NextMind, a Paris-based brain-computer interface (BCI) startup, debuted a $400 neural interface dev kit at CES this week, something the company intends to release to developers in the first half of 2020.
NextMind’s device is a non-invasive electroencephalogram (EEG), which is a well established method of measuring the voltage fluctuations of neurons from outside the skull. EEGs have been used in medicine, neurology, cognitive science, and a number of related fields too, although unlike more invasive methods out there you might describe it as metaphorically trying to figure out what’s happening in a stadium by listening to the crowd’s roar. You can infer some things, but you’re not getting the whole picture.
Attaching to the back of the head with a simple forehead strap, eight prong-like electrodes pick up brain waves from the visual cortex. The company is pitching a number of use cases, one of which was its potential application in VR headsets.
The name of the game with NextMind’s EEG dev kit is measuring user intent. NextMind advisor and investor Sune Alstrup told me was intimately connected to the company’s machine learning algorithms, which analyses and classifies resultant brain waves in real-time to determine what a user is visually focusing on.
Alstrup is the founder and former CEO of eye-tracking company The Eye Tribe, which was acquired by Facebook in late 2016. To him, eye-tracking alone doesn’t cut it when it comes to creating a more complete picture of what a user actually intends to manipulate when looking at any given object, something he referred to as “King Midas’ Golden Gaze.” Like the legendary King’s ability to turn everything to gold with a single touch, a human’s eye ‘touches’ all that it can see without acutely revealing where the user’s focus lies. To sidestep this somewhat, eye-tracking based UI modalities typically rely on how long you physically hold your gaze on an object, which for the sake of VR usually arrives with some form of countdown timer to make sure what you’re looking at is important enough to be selected, manipulated, etc.
It’s clear that the next generation of VR headsets are heading down the path of integrated eye-tracking though, and Alstrup sees EEG data being able to work in concert.
I got a chance to try out NextMind’s dev kit at CES this week, and while it’s undoubtedly early days, the company is clearly confident enough in its appeal to productize the device (albeit only for devs at this point) and bring it to market at a relatively low cost. Priced at $400, NextMind is first releasing to select partners, and will later release to developers in Q2 2020.
The wireless device communicates via Bluetooth, and does a portion of the processing on-device whilst offloading the machine learning tasks to the same PC driving the VR experience. Exactly how much processing power is needed to run it, NextMind wouldn’t say, however I was told it could be used with a more humble setup like a standalone VR headset provided hardware manufacturers integrated the technology internally.
I was treated to two demos at NextMind’s CES booth. In my first demo, which was outside of the VR headset, I was told to focus on one of three small cubes that would flash sequentially with different colors—red, blue and green. Focusing on each cube for long enough would turn an adjacent lamp to the color I was focusing on at that moment. It worked fairly quickly and reliably for a while, however I was told that due to the busy CES show floor, which was polluted with Bluetooth cross-talk, it would eventually lead to a gradual desynchronization and failure for it to respond accurately. I experienced this after a few minutes of accurately changing the lamp light’s color; while it lasted, I really felt like some sort of off-brand Jedi Padawan. I was then ushered to an HTC Vive fitted with the TIE Fighter-shaped puck. After a few failed starts and some fiddling with the device to get it properly seated on my noggin, I was able to get some sense of how NextMind is implementing its technology, at least in the context of today’s demo.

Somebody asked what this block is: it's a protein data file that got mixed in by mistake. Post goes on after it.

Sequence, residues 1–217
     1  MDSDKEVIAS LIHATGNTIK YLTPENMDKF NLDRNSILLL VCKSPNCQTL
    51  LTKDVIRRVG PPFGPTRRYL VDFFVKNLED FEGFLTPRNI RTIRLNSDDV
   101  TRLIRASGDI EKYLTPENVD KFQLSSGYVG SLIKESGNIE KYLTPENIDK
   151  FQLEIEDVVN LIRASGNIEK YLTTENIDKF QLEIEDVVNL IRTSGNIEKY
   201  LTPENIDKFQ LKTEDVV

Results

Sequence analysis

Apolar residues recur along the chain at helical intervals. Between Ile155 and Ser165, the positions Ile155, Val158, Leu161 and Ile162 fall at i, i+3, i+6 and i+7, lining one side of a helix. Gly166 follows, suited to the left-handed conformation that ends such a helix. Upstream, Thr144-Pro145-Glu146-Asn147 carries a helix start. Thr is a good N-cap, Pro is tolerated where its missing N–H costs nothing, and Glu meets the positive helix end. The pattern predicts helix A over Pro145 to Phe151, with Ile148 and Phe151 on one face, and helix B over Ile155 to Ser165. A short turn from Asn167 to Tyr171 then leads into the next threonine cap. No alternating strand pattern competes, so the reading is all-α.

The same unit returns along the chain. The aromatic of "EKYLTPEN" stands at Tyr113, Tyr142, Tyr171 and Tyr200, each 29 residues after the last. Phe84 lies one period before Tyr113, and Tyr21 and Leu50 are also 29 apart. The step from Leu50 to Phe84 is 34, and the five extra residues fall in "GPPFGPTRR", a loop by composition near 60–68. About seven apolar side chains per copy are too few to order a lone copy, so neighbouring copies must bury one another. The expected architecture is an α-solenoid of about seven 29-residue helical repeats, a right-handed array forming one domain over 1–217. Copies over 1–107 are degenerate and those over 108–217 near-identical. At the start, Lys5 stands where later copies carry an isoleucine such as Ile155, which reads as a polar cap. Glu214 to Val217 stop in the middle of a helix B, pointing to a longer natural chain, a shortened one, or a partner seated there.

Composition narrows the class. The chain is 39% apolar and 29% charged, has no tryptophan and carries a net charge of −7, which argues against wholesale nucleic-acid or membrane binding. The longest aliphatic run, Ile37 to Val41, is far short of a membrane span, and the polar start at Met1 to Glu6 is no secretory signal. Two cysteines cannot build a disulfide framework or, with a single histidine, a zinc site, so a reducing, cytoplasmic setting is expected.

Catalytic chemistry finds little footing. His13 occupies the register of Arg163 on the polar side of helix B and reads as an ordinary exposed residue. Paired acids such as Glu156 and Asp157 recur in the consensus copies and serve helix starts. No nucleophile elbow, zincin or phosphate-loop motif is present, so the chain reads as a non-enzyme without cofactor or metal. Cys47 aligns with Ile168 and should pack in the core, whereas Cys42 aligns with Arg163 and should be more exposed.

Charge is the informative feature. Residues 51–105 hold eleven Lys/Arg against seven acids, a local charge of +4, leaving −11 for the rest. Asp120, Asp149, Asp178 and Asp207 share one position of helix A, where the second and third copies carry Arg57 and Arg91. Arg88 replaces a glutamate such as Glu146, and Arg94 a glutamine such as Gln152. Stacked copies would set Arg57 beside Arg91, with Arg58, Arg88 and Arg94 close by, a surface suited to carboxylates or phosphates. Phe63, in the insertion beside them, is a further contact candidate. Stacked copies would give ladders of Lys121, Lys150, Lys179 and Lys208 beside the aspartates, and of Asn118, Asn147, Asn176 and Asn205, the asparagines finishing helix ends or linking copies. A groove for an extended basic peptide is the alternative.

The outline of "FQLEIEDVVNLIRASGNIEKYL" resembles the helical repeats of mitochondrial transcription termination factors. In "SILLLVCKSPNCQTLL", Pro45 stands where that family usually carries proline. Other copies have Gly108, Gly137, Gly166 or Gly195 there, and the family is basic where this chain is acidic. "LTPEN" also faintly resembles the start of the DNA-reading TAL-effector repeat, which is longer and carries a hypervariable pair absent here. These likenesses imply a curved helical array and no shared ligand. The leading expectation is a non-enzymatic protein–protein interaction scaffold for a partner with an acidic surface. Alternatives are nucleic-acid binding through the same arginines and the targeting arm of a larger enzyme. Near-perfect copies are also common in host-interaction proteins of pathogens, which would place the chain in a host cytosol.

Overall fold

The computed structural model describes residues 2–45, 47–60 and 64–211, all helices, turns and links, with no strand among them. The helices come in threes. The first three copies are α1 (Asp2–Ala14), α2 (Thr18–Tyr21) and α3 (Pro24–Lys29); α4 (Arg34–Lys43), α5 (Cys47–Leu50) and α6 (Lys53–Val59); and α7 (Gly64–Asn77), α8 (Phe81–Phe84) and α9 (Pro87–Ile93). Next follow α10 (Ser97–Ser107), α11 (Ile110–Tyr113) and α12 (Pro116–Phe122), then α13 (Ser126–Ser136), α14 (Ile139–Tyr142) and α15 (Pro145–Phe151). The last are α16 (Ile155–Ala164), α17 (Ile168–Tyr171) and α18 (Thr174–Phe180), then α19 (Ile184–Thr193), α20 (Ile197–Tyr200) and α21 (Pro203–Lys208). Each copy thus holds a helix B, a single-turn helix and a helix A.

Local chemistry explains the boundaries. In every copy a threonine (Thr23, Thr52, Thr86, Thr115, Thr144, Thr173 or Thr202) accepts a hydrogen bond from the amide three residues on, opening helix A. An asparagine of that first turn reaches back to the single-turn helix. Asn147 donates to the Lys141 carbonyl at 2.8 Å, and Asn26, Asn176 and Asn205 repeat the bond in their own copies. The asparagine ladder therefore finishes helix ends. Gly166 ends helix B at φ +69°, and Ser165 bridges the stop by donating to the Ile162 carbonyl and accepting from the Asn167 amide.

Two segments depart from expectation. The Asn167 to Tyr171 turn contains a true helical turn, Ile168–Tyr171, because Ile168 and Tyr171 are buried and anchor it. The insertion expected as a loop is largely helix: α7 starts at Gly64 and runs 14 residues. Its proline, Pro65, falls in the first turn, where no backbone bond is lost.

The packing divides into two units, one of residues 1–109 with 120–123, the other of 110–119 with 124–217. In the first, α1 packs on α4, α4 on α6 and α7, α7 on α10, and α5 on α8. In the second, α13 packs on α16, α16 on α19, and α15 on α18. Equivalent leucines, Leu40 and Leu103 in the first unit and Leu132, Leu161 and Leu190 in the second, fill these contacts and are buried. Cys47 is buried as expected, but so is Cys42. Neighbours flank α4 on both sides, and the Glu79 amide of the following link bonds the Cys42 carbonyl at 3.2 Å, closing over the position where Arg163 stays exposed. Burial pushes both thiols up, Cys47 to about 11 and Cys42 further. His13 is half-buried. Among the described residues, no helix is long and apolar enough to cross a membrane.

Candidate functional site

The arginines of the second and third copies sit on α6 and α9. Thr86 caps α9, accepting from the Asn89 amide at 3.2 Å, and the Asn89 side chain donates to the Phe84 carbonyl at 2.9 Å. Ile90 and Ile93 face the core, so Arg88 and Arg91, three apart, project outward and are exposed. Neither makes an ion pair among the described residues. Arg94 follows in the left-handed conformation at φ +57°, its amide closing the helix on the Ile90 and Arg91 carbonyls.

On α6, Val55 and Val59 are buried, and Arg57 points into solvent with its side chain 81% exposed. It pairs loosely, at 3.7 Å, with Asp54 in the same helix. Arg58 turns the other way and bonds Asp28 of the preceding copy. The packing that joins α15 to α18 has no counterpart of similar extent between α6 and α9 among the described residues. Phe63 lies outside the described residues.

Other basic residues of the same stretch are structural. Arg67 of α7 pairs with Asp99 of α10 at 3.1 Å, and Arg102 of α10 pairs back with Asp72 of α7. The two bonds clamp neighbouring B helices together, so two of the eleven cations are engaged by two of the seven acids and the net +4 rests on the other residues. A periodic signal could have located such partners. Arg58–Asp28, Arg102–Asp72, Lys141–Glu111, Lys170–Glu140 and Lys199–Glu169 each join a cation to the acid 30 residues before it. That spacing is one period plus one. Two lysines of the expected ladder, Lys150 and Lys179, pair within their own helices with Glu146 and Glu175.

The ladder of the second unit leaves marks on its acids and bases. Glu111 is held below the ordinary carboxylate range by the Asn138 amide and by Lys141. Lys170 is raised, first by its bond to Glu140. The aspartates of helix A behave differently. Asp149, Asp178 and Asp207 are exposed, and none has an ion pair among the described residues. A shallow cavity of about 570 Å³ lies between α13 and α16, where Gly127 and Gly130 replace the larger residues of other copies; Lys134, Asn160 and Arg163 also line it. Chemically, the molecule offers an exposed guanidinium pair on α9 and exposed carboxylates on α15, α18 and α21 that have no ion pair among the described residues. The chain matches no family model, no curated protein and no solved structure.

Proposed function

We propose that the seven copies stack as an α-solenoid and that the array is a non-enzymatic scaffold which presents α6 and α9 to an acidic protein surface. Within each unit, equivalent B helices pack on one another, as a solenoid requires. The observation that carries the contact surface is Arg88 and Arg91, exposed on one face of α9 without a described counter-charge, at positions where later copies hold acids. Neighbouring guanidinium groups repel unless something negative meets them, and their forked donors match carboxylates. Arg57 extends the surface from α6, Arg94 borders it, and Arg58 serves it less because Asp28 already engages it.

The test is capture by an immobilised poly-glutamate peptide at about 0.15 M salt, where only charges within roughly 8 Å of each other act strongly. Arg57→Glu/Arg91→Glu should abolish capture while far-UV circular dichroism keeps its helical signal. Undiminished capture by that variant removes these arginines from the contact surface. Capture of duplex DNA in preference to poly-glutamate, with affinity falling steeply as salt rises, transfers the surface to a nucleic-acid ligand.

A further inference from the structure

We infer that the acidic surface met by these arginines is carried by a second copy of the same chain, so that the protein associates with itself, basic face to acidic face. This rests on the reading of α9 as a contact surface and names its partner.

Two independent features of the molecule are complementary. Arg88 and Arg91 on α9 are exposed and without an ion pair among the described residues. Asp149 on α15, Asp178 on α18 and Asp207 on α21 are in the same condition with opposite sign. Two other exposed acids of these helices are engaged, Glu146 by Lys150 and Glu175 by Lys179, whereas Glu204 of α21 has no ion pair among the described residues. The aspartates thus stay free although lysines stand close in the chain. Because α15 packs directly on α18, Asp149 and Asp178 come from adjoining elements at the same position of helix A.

The demo was fairly similar to the cubes: focus on an alien’s flashing, pulsing brain until the system determined you’re actually looking and maintaining your gaze. Both demos made heavy use of sequentially flashing lights, which was used to generate a synchronized pattern for NextMind to measure and then interpret in a Boolean ‘yes, I see this signal’ or ‘no, I don’t see this signal’.
This, the company told Venture Beat, would change in the future though, and that the blinking lights weren’t so important in and of themselves, but merely the change in the display.
“It could be a change in color, for instance,” NextMind CEO Sid Kouider told Venture Beat. “Your brain has to process new information. We need to generate a neural response.”
In the end, I’m fairly skeptical of the benefits of EEG over integrated eye-tracking at this point. NextMind says they’re aiming for a point when their machine learning stack can decode the shape of an object by itself, which won’t rely on object color and a brightly flashing pattern. That said, I still don’t see how going from the eyeball through the brain, the skull, and scalp is any better than a smartly designed UI to compensate for eye-tracking’s inherent misgivings. Then again, I’m not a neuroscientist, so I’ll just have to keep an open mind for now.